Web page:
Customer-centric B2B companies recognize this challenge and ensure that they listen to both types of customers. For one organization, we partnered with channel customers and brought them under a common customer experience system to view their own metrics at no cost. The manufacturing organization also shared best practices with the channel partners. As a result, the channel partners became more successful relative to their competitors, bringing more business to the manufacturer and improving customer loyalty. We also helped a manufacturer directly reach end users to measure brand perceptions and future purchasing behavior.

Measure Customer Experience at Every Touchpoint: Most B2B organizations forget that they touch end users beyond the time of sale. Such touchpoints include delivery of spare parts, call center interactions, and repair visits. Treat each touchpoint as an opportunity to measure another customer experience. This includes customer feedback generated through social media.

Embrace Co-creation: An effective way to involve customers in co-creation of products or services is to form online customer panels or advisory councils for each product line, and then involve members in continuing two-way communications. Sir Terry Leahy, CEO of U.K.-based Tesco, one of the most customer-centric organizations in Britain, says: “The best place to find the truth is to listen to your customer. They’ll tell you what’s good about your business and what’s wrong. And if you keep listening, they’ll give you a strategy.”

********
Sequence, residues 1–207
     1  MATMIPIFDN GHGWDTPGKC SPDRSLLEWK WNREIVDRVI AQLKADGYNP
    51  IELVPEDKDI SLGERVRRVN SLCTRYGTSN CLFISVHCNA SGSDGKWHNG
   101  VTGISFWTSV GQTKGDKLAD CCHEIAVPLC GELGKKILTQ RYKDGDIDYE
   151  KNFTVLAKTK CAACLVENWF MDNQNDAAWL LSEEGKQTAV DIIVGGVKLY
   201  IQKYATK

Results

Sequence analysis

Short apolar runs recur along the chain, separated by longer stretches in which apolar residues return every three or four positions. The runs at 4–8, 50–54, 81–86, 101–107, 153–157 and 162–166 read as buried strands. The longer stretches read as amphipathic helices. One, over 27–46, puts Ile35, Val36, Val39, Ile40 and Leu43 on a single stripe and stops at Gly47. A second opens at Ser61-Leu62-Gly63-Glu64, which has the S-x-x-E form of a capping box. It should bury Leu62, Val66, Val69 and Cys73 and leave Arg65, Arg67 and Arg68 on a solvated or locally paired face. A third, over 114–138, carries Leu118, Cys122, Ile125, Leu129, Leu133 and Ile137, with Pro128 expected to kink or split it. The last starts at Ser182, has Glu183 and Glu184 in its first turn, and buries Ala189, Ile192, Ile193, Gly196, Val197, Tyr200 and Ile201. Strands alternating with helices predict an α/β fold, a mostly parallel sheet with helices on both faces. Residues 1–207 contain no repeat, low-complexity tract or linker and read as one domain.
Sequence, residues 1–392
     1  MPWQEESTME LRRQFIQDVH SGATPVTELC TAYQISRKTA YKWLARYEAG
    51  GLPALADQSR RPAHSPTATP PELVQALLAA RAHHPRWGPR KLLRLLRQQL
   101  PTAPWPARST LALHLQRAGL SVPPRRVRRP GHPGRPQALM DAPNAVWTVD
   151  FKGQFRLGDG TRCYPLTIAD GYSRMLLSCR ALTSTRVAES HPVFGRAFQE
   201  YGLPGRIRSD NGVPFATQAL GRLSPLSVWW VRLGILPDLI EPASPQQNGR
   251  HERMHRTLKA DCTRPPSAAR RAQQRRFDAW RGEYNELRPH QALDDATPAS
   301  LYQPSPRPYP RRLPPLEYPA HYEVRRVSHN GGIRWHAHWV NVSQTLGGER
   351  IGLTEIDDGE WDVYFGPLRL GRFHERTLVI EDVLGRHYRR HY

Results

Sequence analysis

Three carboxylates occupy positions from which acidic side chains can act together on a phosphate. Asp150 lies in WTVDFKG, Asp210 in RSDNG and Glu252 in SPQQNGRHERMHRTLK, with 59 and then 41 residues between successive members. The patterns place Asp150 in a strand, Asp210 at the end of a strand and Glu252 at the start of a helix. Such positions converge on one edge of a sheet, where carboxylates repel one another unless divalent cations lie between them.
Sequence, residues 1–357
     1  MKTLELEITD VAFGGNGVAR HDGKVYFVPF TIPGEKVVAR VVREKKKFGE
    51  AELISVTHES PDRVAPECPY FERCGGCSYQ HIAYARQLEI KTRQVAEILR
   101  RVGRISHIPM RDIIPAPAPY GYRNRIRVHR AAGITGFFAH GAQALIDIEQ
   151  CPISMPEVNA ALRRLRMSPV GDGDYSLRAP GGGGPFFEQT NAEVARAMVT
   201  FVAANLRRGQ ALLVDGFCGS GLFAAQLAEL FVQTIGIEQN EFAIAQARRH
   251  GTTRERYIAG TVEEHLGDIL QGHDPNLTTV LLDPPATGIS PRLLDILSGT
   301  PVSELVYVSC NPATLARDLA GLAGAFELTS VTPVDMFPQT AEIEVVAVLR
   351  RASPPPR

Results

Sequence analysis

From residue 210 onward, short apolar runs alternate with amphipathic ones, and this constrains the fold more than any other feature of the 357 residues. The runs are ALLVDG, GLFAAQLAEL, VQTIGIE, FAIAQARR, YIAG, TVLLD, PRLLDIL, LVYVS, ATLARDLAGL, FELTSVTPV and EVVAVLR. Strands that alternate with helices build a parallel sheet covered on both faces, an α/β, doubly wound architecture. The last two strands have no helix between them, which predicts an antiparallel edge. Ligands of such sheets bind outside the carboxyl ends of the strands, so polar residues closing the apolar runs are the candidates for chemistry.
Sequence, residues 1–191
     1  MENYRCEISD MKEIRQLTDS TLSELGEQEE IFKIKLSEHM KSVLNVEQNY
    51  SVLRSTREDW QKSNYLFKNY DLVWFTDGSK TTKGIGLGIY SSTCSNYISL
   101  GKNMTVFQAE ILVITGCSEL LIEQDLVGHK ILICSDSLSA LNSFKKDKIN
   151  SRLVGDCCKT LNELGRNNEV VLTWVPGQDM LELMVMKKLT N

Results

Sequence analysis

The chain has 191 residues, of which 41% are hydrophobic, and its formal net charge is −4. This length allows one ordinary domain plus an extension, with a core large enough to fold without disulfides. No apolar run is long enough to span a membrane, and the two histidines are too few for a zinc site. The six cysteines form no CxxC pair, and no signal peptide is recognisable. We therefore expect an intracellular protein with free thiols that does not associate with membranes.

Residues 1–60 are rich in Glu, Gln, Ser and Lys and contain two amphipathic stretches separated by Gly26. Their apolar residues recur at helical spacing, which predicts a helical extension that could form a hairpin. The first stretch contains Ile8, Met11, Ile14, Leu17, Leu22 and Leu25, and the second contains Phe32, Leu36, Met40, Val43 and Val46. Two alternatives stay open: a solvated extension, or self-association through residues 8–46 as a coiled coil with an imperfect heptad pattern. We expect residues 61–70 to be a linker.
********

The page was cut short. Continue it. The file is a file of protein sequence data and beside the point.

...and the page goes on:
Evaluate the Data Integrity of Customer Metrics: Valid customer experience data is crucial. Since the data rely on opinions and interviews, the information is subject to a range of errors, varying from disconnection with strategy and incorrect constructs to poor sampling, poor questionnaire design, response biases, and poorly designed analytics.